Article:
Turkey Lashes Out At French Textbooks Featuring 'Armenian Genocide'
Turkey’s ambassador in Paris has criticized French move to include chapters in history and geography textbooks that will allow students to study mass killings of Armenians at the hands of Ottomans in 1915, claiming that the project is a remnant of the previous French president.
Tahsin Burcuoglu told private Cihan news agency that Turkey is disturbed by the fact that the French Education Ministry is including chapters on the so-called Armenian genocide in textbooks for fourth graders in secondary schools.
Turkish daily Sabah reported on Sunday that French President Francois Hollande's administration included a chapter about the 1915 events in textbooks -- a move that could once again upset relations with Turkey, which was hopeful about rebuilding strained ties with Paris following the election of the new president.
The report said French students studying world history since 1910 will also read a chapter called “The Armenian Genocide.”
Hollande said last month that he will stand by a campaign pledge to make it illegal to deny that the killing of Armenians by Ottoman Turks in 1915 was genocide.
Relations between Paris and Ankara had begun to thaw after a decision in February by France's constitutional court to strike down the genocide denial law as contrary to free speech.
Turkey had canceled all economic, political and military meetings with France in December after the French parliament voted in favor of the draft law.
Burcuoglu said France’s initiative to include ‘Armenian genocide’ chapters in textbooks has “angered” Turkey, underlining that it is not the three-month project but a remnant of former French President Nicolas Sarkozy administration.
Noting that it is not the first time that the issue is included in French textbooks but this time he said textbooks are featuring full two-page explanation of the 1915 events along with photos. He added that the embassy is carefully investigating that developments and have already notified Ankara over the matter.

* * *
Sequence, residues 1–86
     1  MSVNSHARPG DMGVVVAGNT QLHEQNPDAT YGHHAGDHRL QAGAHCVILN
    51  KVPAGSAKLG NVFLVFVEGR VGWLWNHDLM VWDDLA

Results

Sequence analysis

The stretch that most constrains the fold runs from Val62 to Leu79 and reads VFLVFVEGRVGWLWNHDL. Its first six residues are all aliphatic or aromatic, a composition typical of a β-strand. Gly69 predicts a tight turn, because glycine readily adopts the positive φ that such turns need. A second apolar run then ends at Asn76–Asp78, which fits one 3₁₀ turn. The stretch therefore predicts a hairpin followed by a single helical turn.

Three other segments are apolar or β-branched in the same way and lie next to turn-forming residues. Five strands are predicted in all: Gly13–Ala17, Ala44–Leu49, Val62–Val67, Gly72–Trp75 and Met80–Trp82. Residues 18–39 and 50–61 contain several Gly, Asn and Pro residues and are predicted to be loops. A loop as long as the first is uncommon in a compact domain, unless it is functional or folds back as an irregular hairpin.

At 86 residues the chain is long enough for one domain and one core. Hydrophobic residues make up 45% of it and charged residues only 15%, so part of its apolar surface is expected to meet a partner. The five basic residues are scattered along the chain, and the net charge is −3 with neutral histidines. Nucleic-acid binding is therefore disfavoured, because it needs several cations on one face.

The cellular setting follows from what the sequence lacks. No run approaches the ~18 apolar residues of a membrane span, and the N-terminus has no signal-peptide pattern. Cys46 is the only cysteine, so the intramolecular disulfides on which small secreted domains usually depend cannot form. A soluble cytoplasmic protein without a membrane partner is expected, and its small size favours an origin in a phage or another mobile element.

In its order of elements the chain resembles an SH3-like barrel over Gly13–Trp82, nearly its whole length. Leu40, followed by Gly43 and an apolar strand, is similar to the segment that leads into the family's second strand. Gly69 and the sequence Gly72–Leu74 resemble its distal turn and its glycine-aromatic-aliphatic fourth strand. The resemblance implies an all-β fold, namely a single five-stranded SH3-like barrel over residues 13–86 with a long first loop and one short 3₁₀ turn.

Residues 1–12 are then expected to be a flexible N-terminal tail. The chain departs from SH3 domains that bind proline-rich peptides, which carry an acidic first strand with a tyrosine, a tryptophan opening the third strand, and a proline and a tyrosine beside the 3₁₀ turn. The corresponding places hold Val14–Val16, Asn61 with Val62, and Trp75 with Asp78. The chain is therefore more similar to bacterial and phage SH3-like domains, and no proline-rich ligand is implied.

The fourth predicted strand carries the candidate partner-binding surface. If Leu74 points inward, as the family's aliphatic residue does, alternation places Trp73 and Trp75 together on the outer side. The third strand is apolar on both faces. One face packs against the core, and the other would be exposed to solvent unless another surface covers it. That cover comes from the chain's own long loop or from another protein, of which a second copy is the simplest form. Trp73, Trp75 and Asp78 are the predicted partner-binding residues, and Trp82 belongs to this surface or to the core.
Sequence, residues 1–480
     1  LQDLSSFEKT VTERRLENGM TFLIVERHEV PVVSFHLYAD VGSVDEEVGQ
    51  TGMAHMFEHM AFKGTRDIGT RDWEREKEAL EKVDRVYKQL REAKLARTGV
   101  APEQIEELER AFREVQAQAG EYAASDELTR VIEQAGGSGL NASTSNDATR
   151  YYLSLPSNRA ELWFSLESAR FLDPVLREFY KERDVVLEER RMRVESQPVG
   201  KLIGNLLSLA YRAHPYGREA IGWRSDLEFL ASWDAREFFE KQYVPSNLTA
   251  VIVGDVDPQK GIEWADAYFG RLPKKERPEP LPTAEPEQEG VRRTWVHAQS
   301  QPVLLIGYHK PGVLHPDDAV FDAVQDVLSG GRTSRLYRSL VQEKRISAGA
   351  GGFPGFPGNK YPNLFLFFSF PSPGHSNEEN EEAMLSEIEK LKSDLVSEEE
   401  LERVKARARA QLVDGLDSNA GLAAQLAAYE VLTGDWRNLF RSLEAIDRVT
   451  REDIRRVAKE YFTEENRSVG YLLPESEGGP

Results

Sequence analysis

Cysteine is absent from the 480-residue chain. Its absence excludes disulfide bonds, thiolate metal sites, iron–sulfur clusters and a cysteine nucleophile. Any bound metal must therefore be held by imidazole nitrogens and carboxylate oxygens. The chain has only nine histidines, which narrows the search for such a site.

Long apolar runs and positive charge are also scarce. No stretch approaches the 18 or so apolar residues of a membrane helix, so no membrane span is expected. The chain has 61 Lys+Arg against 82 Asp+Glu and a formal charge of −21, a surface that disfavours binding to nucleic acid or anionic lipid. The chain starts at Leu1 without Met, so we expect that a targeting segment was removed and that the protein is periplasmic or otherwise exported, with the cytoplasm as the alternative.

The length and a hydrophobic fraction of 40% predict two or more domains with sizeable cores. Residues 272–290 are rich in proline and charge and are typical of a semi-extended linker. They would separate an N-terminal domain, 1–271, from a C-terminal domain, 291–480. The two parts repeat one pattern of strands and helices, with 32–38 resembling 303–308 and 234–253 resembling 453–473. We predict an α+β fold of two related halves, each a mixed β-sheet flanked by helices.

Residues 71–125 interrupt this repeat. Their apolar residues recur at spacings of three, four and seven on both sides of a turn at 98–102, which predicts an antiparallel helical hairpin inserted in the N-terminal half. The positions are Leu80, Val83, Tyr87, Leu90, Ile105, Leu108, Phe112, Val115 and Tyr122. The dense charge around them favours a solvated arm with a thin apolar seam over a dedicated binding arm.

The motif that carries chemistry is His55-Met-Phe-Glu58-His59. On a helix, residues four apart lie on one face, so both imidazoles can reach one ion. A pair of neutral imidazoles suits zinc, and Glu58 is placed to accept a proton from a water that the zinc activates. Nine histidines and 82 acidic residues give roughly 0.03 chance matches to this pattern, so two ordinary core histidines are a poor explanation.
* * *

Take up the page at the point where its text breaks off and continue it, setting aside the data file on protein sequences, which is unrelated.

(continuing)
At a joint news conference early in July, French Foreign Minister Laurent Fabius said the genocide-denial law was unlikely to be resurrected and Turkish Foreign Minister Ahmet Davutoğlu hailed the opening of a warmer phase in relations with France.
Armenia, backed by many historians, says about 1.5 million Armenians were killed in what is now eastern Turkey during World War I in a deliberate policy of genocide ordered by the Ottoman government.
Turkey says there was heavy loss of life on both sides during the fighting, in which Armenian partisans supported invading Russian forces. The Ottoman Empire collapsed after the war. Successive Turkish governments and the vast majority of Turks feel the charge of genocide is an insult to their nation.
Turkey hoped Hollande's election might mean France is more open to its joining the European Union than under his conservative predecessor Sarkozy, but has so far received no public support for its EU bid from Paris.
Burcuoglu said Turkey will determine its position on this issue after further examination and urged Turks living in France not to remain indifferent to the issue.
Saying that the number of ethnic Turks in France is more than French Armenians, the ambassador cited problems Turkish students faced in schools earlier over this matter.
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